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Welcome to AWC’s online library of Legislative Bulletin and CityVoice news articles and other updates.

Published on Friday, July 31, 2015

Mixed bag on infrastructure this session – much accomplished but still a lot to do

Your favorite flavor of infrastructure might be the most important determinant of how you feel the legislative session turned out. Transportation? Stormwater? Major new investments and a reaffirmation of a budding partnership. Sewer? Water? Well…we’ve got a lot of work to do.

The Legislature and Governor completed their multi-year effort to pass a comprehensive transportation package. You can read more about that here.

This year’s capital budget dedicated another $53 million to helping local governments deal with their stormwater challenges. The funding was provided to a program that AWC has been heavily involved in developing, and it will provide assistance to both sides of the stormwater picture – operating responsibilities as well as capital retrofit investments. The program has been designed to fund projects and activities that have the best water quality benefit, regardless of approach. This represents a continuation of a series of investments in stormwater by the state, and it is great news that that pattern is becoming ingrained in the capital budget. It was not long ago that legislators had only a vague notion of what cities do to manage stormwater, and now they are regularly making significant investments to help cities meet this challenge.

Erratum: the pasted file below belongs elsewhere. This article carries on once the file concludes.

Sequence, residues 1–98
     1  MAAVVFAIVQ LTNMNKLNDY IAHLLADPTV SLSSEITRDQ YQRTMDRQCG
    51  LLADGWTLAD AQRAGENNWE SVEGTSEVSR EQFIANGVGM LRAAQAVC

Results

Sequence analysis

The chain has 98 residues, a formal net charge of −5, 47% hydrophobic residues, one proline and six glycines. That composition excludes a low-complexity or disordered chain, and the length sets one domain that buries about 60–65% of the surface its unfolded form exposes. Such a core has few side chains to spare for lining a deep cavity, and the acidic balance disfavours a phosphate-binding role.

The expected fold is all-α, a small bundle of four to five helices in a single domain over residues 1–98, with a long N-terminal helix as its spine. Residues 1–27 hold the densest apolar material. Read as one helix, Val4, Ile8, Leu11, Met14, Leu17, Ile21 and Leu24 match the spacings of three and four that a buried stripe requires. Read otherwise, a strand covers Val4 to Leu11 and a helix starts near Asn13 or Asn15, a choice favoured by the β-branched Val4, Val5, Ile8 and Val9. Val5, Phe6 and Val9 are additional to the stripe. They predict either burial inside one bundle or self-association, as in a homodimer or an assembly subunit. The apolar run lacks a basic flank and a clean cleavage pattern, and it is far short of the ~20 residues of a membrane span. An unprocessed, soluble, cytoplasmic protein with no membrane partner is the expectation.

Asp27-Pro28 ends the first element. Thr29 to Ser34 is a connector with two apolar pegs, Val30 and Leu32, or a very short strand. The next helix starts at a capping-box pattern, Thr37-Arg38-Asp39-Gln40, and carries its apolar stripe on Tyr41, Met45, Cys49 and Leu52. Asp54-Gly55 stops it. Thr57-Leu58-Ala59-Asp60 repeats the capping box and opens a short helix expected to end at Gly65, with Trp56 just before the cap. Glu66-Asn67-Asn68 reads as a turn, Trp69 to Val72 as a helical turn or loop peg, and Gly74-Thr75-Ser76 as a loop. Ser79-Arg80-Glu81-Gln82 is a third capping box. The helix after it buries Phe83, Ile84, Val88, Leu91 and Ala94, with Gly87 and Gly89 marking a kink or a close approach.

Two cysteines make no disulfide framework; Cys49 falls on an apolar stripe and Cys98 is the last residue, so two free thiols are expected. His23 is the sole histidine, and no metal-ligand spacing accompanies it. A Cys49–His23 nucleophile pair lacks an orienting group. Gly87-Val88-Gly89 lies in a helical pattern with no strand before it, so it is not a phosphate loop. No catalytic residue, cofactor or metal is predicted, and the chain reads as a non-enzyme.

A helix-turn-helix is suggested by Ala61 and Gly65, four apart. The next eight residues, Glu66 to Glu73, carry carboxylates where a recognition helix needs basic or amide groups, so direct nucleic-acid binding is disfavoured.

The bad news

Despite a huge level of engagement by cities pressing their legislators on the importance of the Public Works Trust Fund (PWTF), this session ended with disappointment on that front. Despite both House and Senate initial capital budgets largely funding the PWTF loan list in some form, the final agreed upon budgets swept another $73 million in each of the next two biennia, and did not fund any new loan list. In some ways this fate was determined in 2013 when the state over-estimated the available resources and swept deeper than the account could handle. The account crossed the biennium line “in the red” even after the agency asked loan recipients to change contracts to make loan payments earlier in the year. By the time the final budget was written, they had to backfill $11 million with bond funds just to keep previously awarded projects whole. By sweeping $73 million for the operating budget, legislators were left with two choices: not fund any new loans, or borrow money at a relatively high interest rate (issue bonds) to give out low interest loans – terrible budgeting. So, it’s in some ways understandable they chose not to dig the hole deeper.